Be savvy with plants too hot to handle

The chilli pepper Medina, which is moderately hot and needs careful handling to avoid irritation on the skin when opened.The chilli pepper Medina, which is moderately hot and needs careful handling to avoid irritation on the skin when opened.
The chilli pepper Medina, which is moderately hot and needs careful handling to avoid irritation on the skin when opened.
Certain plants are too hot to handle, but the savvy gardener is aware of this and takes measures to avoid injury. Yet others are too hot to ingest comfortably and can catch us unawares.

This fellow has had a brush with most of them over time and subsequently carries a mental list of offenders which activates an alarm whenever I'm in their presence. Once bitten twice shy.

Stinging nettle (Urtica dioica), cacti, euphorbia and Primula obconica are up there under the heading, 'contact injury, don't let them touch your skin'.

Hide Ad
Hide Ad

When hand-weeding without gloves between rows of emerging vegetables or hardy annuals, those tiny nettle seedlings pack quite a punch. Likewise, the mature version when lurking unseen alongside a seemingly harmless weed you pull up. The deposit of histamine and formic acid causes a painful rash that the legendary dock leaf fails to eliminate.

Handling or repotting cactus can be a tricky business. A large spike piercing the skin is very unpleasant, but the irritation is not as long-lasting as that inflicted by specimens with a mass of tiny needles that remain embedded and are too small to extract. The simple solution is to wrap the cactus body in thick newspaper or wear extra tough gloves when handling or potting.

Euphorbia plants exist in diverse variety the perennial being most popular in ornamental borders. They are also found in weed form as spurge (Euphorbia amygdaloides). One thing they all have in common is a milky sap which flows whenever a leaf, flower or stem is broken. This is an irritant that causes painful blistering on contact with your skin.

Primula family members grown for spring attraction outdoors are generally captivating and safe to handle. So too are those grown in pots for indoor winter use in our homes – with one exception – Primula obconica. I first experienced it as a young gardener, at a horticultural centre where a variety of house plants were grown for courses. The irritation began on the underside of a wrist whilst repotting a batch of them. Blisters followed! When handling such plants, ordinary gloves that leave part of the wrist or lower arm exposed are no good gauntlets are more in keeping.

Hide Ad
Hide Ad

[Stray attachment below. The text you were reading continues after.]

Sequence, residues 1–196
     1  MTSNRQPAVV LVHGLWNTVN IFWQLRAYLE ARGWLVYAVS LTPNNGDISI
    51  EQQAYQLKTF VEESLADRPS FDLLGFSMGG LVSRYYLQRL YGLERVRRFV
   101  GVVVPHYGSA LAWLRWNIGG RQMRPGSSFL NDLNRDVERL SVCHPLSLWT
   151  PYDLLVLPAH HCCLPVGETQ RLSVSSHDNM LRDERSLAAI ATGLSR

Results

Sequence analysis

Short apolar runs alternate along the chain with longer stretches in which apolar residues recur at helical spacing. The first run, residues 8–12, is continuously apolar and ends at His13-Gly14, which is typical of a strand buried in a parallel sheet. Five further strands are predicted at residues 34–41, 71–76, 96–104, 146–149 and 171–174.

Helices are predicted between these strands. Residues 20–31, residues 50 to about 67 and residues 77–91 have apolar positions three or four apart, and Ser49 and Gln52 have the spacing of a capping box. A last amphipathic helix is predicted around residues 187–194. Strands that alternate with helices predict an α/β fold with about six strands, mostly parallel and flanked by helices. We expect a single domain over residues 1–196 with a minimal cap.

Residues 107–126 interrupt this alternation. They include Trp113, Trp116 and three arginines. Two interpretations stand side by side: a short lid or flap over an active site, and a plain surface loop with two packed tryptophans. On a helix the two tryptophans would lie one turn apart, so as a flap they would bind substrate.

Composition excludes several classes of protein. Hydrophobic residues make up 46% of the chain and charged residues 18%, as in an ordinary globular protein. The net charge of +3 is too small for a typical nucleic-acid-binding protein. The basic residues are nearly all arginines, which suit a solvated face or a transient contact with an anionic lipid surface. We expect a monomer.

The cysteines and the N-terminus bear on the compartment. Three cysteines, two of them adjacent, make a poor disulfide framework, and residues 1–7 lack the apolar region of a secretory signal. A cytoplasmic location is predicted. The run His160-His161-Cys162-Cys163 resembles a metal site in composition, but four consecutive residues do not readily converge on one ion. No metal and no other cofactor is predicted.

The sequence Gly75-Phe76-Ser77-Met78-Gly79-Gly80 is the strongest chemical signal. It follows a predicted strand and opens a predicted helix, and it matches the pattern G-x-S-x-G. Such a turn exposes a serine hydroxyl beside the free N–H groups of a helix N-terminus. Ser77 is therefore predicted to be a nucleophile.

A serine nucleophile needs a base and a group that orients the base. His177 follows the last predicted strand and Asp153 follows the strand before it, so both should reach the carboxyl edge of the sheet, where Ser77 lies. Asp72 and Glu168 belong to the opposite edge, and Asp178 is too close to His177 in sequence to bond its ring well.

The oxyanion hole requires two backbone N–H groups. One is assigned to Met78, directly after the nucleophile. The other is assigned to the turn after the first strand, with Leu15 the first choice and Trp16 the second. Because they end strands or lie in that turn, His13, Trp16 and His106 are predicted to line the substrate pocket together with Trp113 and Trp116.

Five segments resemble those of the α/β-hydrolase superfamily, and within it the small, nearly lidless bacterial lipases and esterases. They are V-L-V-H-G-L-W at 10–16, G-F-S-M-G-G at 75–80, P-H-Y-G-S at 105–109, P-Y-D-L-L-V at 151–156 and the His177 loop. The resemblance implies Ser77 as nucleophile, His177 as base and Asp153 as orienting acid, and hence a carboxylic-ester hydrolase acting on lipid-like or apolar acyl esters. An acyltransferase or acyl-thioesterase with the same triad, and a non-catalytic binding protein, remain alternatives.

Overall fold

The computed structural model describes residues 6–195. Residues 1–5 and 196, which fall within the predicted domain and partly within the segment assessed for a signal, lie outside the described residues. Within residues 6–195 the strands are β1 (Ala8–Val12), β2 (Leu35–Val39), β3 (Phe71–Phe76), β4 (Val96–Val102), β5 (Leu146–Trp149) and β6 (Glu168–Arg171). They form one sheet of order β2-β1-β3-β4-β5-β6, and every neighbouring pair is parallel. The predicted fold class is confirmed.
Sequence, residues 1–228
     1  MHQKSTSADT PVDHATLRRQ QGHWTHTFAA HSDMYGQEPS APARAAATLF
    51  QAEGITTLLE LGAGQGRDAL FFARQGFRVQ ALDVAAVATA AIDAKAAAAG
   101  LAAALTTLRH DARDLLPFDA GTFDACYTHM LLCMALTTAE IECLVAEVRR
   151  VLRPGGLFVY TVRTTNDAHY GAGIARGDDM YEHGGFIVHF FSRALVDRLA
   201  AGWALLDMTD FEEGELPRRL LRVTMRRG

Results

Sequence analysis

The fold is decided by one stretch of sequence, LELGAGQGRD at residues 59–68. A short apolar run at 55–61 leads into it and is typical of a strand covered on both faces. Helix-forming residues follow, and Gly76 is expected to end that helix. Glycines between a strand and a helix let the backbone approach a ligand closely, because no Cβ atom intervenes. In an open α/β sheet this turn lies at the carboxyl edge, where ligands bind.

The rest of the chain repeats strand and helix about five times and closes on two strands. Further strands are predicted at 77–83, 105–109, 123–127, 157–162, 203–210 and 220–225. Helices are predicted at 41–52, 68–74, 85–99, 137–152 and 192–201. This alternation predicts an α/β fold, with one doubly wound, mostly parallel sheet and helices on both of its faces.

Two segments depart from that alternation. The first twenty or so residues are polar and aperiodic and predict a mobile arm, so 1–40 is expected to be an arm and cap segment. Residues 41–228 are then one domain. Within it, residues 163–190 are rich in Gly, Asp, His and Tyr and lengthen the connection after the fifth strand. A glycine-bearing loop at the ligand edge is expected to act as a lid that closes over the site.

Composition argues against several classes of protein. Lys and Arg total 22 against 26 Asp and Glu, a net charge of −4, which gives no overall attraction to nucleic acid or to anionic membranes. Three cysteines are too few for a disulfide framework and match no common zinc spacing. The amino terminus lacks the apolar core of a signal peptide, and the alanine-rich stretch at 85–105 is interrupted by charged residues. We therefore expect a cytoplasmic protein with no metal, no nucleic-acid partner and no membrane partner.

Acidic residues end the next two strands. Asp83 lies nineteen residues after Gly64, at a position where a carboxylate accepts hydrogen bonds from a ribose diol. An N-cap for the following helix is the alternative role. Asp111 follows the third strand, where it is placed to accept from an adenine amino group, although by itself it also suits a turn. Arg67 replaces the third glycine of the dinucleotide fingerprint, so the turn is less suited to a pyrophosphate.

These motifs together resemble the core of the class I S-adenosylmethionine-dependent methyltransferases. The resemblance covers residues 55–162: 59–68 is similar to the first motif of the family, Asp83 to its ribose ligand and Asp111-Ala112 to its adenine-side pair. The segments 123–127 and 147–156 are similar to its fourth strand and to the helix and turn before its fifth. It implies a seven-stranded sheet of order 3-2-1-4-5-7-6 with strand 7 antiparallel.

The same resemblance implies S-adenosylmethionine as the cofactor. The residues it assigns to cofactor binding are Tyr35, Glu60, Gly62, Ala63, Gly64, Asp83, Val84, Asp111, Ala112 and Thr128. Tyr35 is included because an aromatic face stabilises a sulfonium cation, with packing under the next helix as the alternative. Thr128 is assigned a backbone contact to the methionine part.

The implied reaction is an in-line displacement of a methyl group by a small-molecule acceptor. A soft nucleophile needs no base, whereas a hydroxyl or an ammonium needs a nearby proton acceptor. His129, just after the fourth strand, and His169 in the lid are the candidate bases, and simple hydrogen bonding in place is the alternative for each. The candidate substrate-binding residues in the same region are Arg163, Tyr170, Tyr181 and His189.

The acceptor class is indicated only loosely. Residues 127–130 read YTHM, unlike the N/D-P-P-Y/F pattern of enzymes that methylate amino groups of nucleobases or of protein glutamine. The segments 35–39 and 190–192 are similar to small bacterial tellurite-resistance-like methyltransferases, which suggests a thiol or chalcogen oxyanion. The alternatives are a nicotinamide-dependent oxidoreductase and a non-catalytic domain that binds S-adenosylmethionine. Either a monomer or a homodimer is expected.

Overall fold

There are countless plants capable of causing mechanical injury as the year unfolds, some obvious; berberis, gooseberry, rose, thistle, others not so. Do handle with care, unless you wish to become a statistic.

A lovely hot meal is something to be enjoyed these cold winter days but there are different versions of what constitutes this. My vision is of steam rising from the plate and home-grown vegetables playing an important role alongside the main item. Another is the addition of a key ingredient that transforms an otherwise ordinary meal with a hot, spicy flavour.

Ginger and certain lettuce varieties are two of several additives that can do this in cooked meals or salads respectively, and both are easily grown, the former in a pot under cover, the latter in a greenhouse border or garden. Horseradish (easily grown), peppercorns and mustard add zest to a dish. Then there are chilli peppers, arguably the hottest edible plants on earth, and they can be cultivated in season if a few basic rules are followed.

The seed should be sown early (late February), 20 to 25 Celsius is required for germination, and aftergrowth is best supported by an environment of 15 to 20 Celsius plus strong light conditions. Feed the young plant with a weak seaweed-based fertilizer, changing to a balanced tomato feed when it`s in a final pot. If the plant does not start branching naturally pinch out the centre at an early stage.

Hide Ad
Hide Ad

Don't fret if you lack the facilities to start your own into growth. Let a professional outfit take the strain. The DT Brown ( spring 2020 catalogue is offering the world's hottest chilli plant collection, comprising three plants in nine centimetre pots, for £11.95. 'Armageddon', 'Trinidad moruga Scorpion' and 'Carolina Reaper' are well-named. The latter is current world record holder registering 2,200,000 in Scoville heat units.

Chilli peppers have achieved the vegetable equivalent of cult status in recent times, with festivals and events throughout the country. They've been in the news recently when an extended study of 23 thousand Italians revealed that regular consumers had significantly fewer fatal heart attacks and deadly strokes. Welcome news for those following a Mediterranean style diet.

I enjoy the challenge of growing a few of the hottest chillies each year but exercise great caution when handling or ingesting. If a seed-bearing capsule is saved with raising next year's plants in mind, wear eye shields when it is eventually opened. And if you are adding 'Armageddon' or any cultivar with a reputed nuclear punch to a meal, remember, a tiny piece of the seed-bearing capsule goes a long way!